In re T.R.S. (1969)Annotate this Case
In re T.R.S., a Person Coming Under the Juvenile Court Law. MARGARET C. GRIER, as Chief Probation Officer, etc., Plaintiff and Respondent, v. T.R.S., Defendant and Appellant
(Opinion by Coughlin, J., with Brown (Gerald), P. J., and Whelan, J., concurring.)
Cohen & Stokke and Allan H. Stokke for Defendant and Appellant.
Cecil Hicks, District Attorney, and Michael R. Capizzi, Deputy District Attorney, for Plaintiff and Respondent.
The minor was declared a ward of the juvenile court because he killed a human being in the commission of a lawful act which might produce death, without due caution and circumspection, thereby violating Penal Code section 192, subdivision 2; was placed in the custody of his parents under terms of probation; and appeals. Previously the court denied his motions for a preliminary hearing or, in the alternative, for an order that the case against him first be presented to the grand jury, and for trial by jury. After filing his notice of appeal he moved the court for an order directing the preparation of the transcript on appeal without charge to him, and this motion was denied. On appeal he seeks reversal of the order declaring him a ward upon the grounds: (1) The evidence is insufficient to support the finding he violated Penal Code section 192, subdivision 2; and (2) denial of the aforesaid motions was error.
That version of the evidence most favorable to the order supports the conclusion the minor, an 11-year-old boy in the fifth grade, of average intelligence, shot and killed another boy; his parents had instructed him to stay out of the bedroom of a half-brother in which there was a shotgun and a .45 caliber automatic pistol, to leave these guns alone, not to touch them, and not to play with them; his father told him "a gun is dangerous at all times" and even if "you know they're unloaded, treat them as though they are loaded because they are dangerous"; in spite of these warnings he had played with the guns; on the day of the fatal shooting he came out of the house into the front yard with the shotgun; his brother, S., told him to take the gun back, and he complied; he reappeared in the yard with the .45 caliber pistol; on the way out of the house he pulled back the hammer on the gun which cocked the pistol; when on the outside the victim asked him if the gun was real; thereupon he replied it was a real gun, pointed the gun in the direction of the victim, who was about 4 feet away, and pulled the trigger, firing the gun which was loaded; the bullet struck the victim in the face and killed him; he, the minor, testified he knew if the gun had bullets in it someone could be seriously hurt or killed with a bullet from the gun; he believed the gun was unloaded, but he knew he should handle it "so that if [1 Cal. App. 3d 181] it did go off, it wouldn't hurt anybody"; he took no precautions to determine whether the gun was loaded.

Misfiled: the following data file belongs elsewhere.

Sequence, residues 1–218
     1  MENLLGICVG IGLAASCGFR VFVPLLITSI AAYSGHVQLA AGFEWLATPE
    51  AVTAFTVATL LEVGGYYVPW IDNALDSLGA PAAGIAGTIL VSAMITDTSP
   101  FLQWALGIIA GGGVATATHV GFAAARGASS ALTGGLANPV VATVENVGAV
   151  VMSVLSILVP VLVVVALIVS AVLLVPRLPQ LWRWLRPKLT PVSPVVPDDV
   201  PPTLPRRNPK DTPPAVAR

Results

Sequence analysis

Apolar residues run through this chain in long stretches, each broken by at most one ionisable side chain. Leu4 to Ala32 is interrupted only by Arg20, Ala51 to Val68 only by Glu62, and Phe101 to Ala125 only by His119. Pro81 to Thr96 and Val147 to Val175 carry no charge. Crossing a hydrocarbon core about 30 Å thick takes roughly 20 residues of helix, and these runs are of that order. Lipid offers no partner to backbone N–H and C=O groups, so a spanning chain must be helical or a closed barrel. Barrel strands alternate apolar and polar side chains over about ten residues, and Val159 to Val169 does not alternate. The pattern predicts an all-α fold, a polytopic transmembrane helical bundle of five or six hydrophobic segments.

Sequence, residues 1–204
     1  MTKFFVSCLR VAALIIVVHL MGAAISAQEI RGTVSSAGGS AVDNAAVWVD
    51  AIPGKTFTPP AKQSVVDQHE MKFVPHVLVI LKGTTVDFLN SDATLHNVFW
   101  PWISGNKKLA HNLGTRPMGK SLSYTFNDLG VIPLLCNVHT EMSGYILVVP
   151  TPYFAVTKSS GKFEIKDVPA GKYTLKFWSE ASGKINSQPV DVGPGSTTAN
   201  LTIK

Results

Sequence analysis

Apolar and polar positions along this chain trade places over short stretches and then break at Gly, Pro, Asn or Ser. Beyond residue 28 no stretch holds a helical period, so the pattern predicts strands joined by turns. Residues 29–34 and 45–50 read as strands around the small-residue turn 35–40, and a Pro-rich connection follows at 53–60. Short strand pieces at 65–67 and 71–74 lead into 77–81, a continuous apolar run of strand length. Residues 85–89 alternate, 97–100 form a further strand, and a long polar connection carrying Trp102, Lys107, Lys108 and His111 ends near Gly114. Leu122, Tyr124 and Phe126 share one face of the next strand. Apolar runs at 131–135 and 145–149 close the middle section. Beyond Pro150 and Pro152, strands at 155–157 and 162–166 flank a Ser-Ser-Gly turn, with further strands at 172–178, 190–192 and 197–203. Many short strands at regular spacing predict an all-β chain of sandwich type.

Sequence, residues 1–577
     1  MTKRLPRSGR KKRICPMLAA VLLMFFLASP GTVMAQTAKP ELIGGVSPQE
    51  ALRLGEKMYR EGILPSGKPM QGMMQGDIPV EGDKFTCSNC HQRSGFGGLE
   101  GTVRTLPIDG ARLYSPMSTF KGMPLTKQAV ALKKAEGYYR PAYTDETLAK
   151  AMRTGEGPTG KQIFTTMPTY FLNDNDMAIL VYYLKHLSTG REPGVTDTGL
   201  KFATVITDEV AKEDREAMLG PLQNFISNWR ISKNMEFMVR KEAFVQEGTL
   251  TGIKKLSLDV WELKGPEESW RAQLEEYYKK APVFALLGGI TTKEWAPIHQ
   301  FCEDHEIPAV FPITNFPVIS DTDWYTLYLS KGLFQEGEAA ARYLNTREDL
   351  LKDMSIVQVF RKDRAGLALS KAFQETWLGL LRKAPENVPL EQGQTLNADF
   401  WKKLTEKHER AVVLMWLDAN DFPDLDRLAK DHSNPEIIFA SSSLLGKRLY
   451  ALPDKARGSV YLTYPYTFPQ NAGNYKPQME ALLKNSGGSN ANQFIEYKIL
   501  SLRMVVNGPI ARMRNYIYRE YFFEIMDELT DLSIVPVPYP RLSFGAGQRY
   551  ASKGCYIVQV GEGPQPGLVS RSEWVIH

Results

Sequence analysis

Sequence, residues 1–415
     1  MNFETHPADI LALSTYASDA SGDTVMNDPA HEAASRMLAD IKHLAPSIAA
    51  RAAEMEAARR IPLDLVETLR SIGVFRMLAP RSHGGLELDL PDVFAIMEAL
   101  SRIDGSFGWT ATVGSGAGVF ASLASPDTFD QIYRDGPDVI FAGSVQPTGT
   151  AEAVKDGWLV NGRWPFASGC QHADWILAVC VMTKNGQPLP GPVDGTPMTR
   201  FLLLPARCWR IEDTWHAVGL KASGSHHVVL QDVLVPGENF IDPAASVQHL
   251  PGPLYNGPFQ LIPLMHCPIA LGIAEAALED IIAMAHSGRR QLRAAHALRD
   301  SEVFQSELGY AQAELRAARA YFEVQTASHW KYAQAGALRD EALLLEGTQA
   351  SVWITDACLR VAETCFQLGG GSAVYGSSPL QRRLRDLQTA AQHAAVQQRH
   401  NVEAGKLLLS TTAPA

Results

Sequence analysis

The evidence adequately supports the conclusion the minor, judged by the standards of a boy of his age, mental capacity, experience and intelligence, was criminally negligent. (In re Dennis M., 70 Cal. 2d 444, 460 [75 Cal. Rptr. 1, 450 P.2d 296]; In re Hartman, 93 Cal. App. 2d 801, 806 [210 P.2d 53]; People v. Searle, 33 Cal. App. 228, 231-232 [164 P. 819]; gen. see People v. Penny, 44 Cal. 2d 861, 879 [285 P.2d 926]; People v. Villalobos, 208 Cal. App. 2d 321, 326-328 [25 Cal. Rptr. 111].) There is no merit to the contention the evidence, by "clear proof" as required by Penal Code, section 26, does not establish the minor knew the wrongfulness of his conduct.
 The minor contends the court's refusal to grant him a preliminary hearing or, in the alternative, to order the case presented to the grand jury, denied him equal protection of the law.